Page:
As we’ve reported, the District of Columbia is carrying out a pilot program for dockless bikeshare, with five companies now operating on a trial basis through April. I decided to spend a good portion of my Wednesday testing each bikeshare service to see what the buzz was all about. It was enormously fun to try these bikes, but came away with mixed impressions overall.
You're done with college. You have a job. Your mom is hinting that she wants to turn your bedroom into a space for scrapbooking. It's time to set out on your own. This is an exciting but scary time: You'll have a rent payment and other bills to pay now, and you need to start saving for the future. Now that you've fled the nest, there are some key money tasks that you should tackle. Do these, and you'll be well on your way to financial independence.
Let’s start November with a riesling. But not just any riesling, let’s start it with a really good riesling. This is one of those posts that would fall into the almost-cheap-wine ratings category as it does come in a bit above my typical target price range. But how can I fairly compare cheap wines to more expensive ones if I don’t taste those higher priced wines. Now, the price isn’t crazy out of the range. It’s just above my typical target price coming in at $30 a bottle.
Muck Rack makes it simple to find people, tweets, or articles that mention any name, keyword, company, hashtag etc. We've compiled this guide to help you make the most of your search.
Selecting a term
Start searching tweets, articles from media outlets, articles mentioned in tweets, journalists'
names, titles and bios with some suggested searches:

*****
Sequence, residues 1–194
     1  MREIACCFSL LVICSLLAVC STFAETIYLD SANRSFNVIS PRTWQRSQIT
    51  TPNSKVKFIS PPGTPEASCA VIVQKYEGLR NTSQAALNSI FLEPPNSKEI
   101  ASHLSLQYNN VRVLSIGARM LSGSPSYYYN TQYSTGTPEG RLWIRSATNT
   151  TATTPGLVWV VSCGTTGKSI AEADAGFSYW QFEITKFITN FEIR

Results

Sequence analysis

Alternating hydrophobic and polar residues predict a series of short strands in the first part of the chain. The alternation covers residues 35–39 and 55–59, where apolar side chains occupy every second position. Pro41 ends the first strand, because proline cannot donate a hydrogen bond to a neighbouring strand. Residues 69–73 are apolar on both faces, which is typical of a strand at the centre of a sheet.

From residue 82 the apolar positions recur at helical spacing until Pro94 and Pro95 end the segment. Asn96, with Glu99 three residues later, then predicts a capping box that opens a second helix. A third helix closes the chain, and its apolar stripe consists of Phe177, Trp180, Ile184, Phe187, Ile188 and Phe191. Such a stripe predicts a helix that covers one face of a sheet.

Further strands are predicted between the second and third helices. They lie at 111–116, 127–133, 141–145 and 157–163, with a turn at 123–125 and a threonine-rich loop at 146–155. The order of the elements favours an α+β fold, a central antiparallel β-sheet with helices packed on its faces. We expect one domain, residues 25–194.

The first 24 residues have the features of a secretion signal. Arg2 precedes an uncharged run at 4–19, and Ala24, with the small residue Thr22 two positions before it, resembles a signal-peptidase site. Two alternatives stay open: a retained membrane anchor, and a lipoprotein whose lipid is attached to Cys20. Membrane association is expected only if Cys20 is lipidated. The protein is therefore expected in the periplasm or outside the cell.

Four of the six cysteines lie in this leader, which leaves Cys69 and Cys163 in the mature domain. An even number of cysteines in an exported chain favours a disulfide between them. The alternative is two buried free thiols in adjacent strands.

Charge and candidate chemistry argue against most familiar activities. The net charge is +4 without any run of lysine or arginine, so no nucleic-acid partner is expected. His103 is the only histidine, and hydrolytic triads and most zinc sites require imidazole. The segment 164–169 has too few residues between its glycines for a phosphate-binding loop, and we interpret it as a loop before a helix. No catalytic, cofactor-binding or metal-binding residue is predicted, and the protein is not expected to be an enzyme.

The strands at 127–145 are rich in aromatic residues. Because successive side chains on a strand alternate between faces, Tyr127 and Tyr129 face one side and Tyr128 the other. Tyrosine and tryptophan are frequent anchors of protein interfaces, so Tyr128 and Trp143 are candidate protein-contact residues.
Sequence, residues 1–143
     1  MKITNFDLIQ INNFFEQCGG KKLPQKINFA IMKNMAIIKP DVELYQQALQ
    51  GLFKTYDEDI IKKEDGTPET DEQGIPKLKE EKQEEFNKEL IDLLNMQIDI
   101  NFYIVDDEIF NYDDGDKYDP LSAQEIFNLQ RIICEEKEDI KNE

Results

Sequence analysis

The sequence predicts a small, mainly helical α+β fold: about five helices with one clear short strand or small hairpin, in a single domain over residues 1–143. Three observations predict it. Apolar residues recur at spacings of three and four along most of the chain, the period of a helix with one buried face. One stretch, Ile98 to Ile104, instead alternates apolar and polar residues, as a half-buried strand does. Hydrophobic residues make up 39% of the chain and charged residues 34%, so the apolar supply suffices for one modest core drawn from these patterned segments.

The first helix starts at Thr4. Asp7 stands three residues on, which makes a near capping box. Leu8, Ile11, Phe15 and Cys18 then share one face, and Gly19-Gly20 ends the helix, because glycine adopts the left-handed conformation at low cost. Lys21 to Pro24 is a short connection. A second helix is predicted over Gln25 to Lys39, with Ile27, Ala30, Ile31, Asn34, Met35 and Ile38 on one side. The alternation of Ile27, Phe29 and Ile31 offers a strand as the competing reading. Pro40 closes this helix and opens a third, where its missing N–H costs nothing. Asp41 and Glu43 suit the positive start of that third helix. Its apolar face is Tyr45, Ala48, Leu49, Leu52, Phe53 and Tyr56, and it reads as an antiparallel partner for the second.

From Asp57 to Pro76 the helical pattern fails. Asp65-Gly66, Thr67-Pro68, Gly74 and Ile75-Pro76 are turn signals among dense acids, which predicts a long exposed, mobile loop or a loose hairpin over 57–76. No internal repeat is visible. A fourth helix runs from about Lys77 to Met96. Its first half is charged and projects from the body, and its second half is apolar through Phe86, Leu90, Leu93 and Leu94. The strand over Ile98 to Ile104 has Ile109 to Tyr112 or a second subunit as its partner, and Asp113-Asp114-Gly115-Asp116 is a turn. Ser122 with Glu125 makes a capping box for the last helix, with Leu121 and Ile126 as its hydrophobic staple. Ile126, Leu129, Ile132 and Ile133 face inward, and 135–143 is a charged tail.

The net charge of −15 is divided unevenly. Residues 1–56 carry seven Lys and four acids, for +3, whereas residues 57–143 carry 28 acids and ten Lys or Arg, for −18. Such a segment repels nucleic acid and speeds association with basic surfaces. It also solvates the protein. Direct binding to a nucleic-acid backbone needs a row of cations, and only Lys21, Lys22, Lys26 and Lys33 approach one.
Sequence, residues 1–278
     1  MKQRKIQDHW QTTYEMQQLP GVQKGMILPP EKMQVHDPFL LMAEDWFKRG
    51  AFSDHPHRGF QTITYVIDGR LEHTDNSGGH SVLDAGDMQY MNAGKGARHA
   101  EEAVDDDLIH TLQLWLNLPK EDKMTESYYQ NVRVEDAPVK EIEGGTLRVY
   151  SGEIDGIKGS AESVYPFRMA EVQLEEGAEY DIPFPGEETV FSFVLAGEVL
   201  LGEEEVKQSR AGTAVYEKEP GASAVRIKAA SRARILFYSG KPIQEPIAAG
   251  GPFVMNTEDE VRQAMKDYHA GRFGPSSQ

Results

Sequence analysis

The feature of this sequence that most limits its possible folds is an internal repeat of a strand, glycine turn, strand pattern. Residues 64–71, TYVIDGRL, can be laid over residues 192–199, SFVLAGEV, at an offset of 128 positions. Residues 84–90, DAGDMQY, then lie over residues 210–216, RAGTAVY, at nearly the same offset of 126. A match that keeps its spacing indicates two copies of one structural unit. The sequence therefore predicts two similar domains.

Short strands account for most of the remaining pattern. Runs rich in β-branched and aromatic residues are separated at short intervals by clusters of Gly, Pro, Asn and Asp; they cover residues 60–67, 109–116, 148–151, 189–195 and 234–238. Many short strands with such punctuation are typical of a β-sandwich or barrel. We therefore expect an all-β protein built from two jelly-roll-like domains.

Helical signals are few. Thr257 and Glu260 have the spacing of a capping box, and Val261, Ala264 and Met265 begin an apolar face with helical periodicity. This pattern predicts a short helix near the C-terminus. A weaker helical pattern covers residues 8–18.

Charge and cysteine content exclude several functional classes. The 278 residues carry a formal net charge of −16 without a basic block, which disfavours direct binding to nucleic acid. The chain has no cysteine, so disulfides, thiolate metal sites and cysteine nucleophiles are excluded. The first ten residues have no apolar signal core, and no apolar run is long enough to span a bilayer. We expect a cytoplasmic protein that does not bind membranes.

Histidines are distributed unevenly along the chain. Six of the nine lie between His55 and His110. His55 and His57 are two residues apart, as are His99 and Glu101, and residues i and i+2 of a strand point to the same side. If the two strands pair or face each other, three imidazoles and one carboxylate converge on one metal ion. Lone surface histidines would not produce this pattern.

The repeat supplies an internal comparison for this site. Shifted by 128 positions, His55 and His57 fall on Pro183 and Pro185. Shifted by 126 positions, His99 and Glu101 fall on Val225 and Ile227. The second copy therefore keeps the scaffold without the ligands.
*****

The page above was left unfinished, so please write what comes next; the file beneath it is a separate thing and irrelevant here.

Companies or Topics (e.g. iPhone, Microsoft)
Phrases (e.g. "cloud computing") — use quotes to keep the terms together
Twitter handles (e.g. @username) — returns those who have mentioned or replied to
Names (e.g. "David Pogue")
Hashtags (e.g. #sxsw, #london2012)
Bio details (e.g. vegan, Olympics, father)
Muck Rack's Advanced Search allows for many boolean operators.
Find results that mention multiple specified terms, use AND or
+. For example, ensure each result contains both Elon Musk and Mark Zuckerberg by
searching Musk AND Zuckerberg or Musk + Zuckerberg.
Use the operators OR or , to broaden your search when you'd like either of
multiple terms to appear in results. (This is the default behavior of our search when no operators
are used). For example, results will contain either cake or cookie by searching cake OR cookie or cake,cookie
Use NOT or - to subtract results from your search. For
example, searching Disney will yield results about the Walt Disney Company as well as Walt Disney
World Resort. To exclude mentions of Disney World, search for Disney -World or Disney
When using one of these operators with a phrase, enclose it in quotation marks. For example, you can
find results about smartphones excluding Apple's iPhone 4S by searching smartphone -"iPhone
Exact case matching or punctuation
If you're searching for a brand name or keyword that relies on specific punctuation marks or capitalization, you can
find results that match your exact query by adding matchcase: before the keyword you're searching for, like matchcase:E*TRADE .
Use parentheses to separate multiple
boolean phrases. For example, to find journalists talking about having fun in Disney World or
Disneyland, search for ("disney world" OR disneyland) AND fun.
An asterisk can be used to search for any variation of a root word truncated by the asterisk. For example, searching for admin* will return results for administrator, administration, administer, administered, etc.
A near operator is an AND operator where you can control the distance between the words. You can vary the distance the near operation uses by adding a forward slash and number (between 0-99) such as strawberries NEAR/10 "whipped cream", which means the strawberries must exist within 10 words of "whipped cream".